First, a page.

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New details on 4-hospital merger in Chicago

The leaders of four hospitals on Chicago's South Side shared additional details about their plan to merge at a virtual town hall meeting this week, according to Chicago Block Club

The four hospitals, Advocate Trinity Hospital, Mercy Hospital & Medical Center, South Shore Hospital and St. Bernard Hospital, signed a letter of intent to combine into a single health system in January. 

Here are some of the details:

1. The four hospitals plan to reach a final agreement in June.

2. Once the new health system is formed, one or two new "destination hospitals" will be built to replace the existing facilities. The new hospitals will provide 24-hour emergency services and cut the 50 percent vacancy rate at the existing facilities, South Shore Hospital President Tim Caveney said at the town hall meeting.

3. The system plans to build three to six large community health centers. The health centers would offer outpatient mental health services, urgent care, primary care and specialty services.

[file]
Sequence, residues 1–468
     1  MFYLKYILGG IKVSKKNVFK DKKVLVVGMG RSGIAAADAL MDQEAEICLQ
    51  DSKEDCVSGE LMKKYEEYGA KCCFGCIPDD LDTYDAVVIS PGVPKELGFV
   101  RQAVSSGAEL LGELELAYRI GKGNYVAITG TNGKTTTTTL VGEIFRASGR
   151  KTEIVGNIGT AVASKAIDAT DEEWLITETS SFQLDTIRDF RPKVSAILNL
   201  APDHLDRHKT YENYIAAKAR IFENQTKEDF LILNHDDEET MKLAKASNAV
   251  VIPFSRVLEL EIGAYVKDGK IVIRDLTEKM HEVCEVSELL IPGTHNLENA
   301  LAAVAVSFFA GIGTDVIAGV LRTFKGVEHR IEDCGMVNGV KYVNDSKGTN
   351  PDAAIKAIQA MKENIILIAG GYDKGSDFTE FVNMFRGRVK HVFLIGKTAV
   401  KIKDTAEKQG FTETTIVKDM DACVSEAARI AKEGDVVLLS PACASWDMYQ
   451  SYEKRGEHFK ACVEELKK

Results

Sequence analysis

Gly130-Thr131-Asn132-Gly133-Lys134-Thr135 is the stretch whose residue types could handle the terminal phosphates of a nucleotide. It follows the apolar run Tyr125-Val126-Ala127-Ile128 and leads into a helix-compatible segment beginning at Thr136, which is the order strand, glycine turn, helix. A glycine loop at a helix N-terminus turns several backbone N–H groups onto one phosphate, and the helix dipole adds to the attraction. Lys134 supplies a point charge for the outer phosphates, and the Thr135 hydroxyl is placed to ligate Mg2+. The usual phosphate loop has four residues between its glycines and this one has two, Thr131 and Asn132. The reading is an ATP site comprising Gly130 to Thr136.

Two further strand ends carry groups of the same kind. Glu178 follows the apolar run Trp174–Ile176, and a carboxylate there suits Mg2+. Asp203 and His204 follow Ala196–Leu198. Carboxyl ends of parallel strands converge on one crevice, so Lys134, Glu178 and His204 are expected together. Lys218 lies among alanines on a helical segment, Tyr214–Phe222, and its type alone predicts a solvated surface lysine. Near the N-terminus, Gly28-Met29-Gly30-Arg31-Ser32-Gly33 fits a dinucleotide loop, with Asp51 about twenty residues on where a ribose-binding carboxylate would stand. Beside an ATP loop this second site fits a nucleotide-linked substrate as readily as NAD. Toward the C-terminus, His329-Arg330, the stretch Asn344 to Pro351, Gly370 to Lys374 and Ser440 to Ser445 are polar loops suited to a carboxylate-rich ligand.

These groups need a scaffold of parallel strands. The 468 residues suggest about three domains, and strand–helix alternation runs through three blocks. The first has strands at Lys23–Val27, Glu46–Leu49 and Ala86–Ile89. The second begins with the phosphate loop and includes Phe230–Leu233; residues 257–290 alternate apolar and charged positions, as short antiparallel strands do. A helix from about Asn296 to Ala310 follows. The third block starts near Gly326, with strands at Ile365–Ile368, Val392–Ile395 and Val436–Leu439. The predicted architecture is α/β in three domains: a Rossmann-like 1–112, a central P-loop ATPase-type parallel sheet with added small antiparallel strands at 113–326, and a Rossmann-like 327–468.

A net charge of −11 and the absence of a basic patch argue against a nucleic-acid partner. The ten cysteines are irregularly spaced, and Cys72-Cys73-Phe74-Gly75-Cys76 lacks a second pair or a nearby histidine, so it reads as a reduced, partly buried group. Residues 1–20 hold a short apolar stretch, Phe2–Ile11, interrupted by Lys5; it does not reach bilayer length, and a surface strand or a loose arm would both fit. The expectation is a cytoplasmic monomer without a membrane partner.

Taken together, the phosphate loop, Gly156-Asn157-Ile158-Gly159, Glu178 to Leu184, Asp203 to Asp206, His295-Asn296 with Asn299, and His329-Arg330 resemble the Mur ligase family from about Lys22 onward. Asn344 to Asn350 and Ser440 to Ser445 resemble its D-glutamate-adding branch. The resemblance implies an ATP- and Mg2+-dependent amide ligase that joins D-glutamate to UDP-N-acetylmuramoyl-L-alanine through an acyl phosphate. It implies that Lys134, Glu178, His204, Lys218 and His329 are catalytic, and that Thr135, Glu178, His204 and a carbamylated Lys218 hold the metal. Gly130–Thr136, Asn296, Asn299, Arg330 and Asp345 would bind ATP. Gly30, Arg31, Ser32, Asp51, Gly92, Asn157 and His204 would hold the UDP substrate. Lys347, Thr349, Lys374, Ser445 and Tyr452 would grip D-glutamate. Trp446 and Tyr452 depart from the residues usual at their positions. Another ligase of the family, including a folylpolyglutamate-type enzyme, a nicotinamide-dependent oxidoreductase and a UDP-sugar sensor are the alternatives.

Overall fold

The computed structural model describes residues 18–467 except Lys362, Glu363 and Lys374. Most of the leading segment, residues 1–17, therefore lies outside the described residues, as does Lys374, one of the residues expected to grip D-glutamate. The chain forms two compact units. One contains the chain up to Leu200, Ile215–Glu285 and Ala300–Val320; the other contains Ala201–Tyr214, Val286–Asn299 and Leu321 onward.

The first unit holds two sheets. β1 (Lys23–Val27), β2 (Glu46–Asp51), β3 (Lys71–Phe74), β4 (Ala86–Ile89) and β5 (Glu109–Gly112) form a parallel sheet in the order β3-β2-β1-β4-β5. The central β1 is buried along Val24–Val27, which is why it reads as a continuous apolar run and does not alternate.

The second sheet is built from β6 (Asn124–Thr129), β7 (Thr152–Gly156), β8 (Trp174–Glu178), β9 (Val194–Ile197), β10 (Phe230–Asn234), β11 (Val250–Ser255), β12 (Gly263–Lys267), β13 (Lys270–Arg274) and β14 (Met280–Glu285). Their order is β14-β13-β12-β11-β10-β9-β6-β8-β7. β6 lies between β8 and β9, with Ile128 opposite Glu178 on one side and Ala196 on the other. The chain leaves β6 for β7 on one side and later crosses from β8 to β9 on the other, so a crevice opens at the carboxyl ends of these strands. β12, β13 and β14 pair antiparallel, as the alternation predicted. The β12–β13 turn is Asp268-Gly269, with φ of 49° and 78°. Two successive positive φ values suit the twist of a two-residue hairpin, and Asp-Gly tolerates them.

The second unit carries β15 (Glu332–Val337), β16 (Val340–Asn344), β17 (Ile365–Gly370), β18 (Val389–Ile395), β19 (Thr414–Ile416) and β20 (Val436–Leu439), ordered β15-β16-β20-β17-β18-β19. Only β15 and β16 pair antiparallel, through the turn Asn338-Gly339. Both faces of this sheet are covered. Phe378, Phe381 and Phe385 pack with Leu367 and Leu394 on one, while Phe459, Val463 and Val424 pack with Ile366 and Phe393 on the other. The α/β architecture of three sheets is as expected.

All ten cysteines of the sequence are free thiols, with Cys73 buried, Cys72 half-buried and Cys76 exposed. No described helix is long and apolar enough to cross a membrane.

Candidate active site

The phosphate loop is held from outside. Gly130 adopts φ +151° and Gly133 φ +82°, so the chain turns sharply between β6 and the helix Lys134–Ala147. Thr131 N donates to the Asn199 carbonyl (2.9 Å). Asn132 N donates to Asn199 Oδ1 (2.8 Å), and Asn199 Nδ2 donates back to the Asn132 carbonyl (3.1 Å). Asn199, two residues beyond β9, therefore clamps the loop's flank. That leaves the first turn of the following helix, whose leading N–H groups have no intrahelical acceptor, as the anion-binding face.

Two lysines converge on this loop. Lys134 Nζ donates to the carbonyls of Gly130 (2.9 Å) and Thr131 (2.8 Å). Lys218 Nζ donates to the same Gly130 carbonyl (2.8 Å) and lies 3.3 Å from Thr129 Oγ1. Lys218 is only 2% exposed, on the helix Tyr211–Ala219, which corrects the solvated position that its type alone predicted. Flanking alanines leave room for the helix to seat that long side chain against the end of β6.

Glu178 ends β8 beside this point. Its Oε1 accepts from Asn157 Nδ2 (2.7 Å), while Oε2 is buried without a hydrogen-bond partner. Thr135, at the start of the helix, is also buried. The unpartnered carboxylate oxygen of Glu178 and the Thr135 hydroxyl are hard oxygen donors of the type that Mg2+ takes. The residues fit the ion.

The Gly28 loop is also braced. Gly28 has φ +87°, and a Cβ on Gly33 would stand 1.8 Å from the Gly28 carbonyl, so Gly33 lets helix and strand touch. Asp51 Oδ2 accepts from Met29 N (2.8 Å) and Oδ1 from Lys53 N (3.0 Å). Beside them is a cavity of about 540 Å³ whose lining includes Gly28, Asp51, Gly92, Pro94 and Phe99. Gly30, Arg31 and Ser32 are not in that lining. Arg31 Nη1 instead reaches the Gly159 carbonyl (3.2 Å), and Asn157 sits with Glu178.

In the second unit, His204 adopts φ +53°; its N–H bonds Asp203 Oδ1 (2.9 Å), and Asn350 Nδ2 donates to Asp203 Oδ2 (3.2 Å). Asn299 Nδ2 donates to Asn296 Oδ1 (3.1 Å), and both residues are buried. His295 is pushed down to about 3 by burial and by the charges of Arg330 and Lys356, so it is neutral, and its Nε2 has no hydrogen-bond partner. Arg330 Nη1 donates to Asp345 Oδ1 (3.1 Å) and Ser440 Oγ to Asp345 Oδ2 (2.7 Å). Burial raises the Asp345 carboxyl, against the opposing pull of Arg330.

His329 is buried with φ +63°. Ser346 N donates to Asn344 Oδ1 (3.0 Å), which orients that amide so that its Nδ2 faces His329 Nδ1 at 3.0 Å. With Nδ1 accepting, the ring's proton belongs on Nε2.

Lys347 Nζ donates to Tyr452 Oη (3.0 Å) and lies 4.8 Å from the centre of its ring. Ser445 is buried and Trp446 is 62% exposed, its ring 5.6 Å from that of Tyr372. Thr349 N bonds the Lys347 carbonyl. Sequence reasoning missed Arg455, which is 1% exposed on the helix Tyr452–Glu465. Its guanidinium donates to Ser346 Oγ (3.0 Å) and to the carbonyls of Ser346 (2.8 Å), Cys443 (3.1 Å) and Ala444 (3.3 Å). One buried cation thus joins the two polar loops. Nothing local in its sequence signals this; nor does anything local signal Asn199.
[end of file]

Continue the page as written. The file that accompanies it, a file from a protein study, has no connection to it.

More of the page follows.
"No hospital will close before one of the new centers is built, open and serving patients," St. Bernard Hospital President Charles Holland said during the meeting. "This is not a plan for closure; this is a plan for building something new."

4. The system does not plan to build a trauma center because they are "very expensive to maintain," Mr. Caveney said.

5. Over the next eight to 10 years, hospital leaders plan to spend $1.1 billion on the merger, according to the report. They will pay $100 million in cash up front and expect to bring in an additional $800 million from operating revenue and debt-financing. The hospitals are asking Illinois to pay $520 million to fund the merger and hope to raise $200 million from donations. 

6. The newly formed system also said it will spend money to transition a single EHR.

7. The four existing hospitals combined lost $76 million last year, according to the report. Combining may help improve the finances the hospitals, bolster bargaining power with insurers and suppliers, cut duplicative services and eliminate other expenses, such as equipment.

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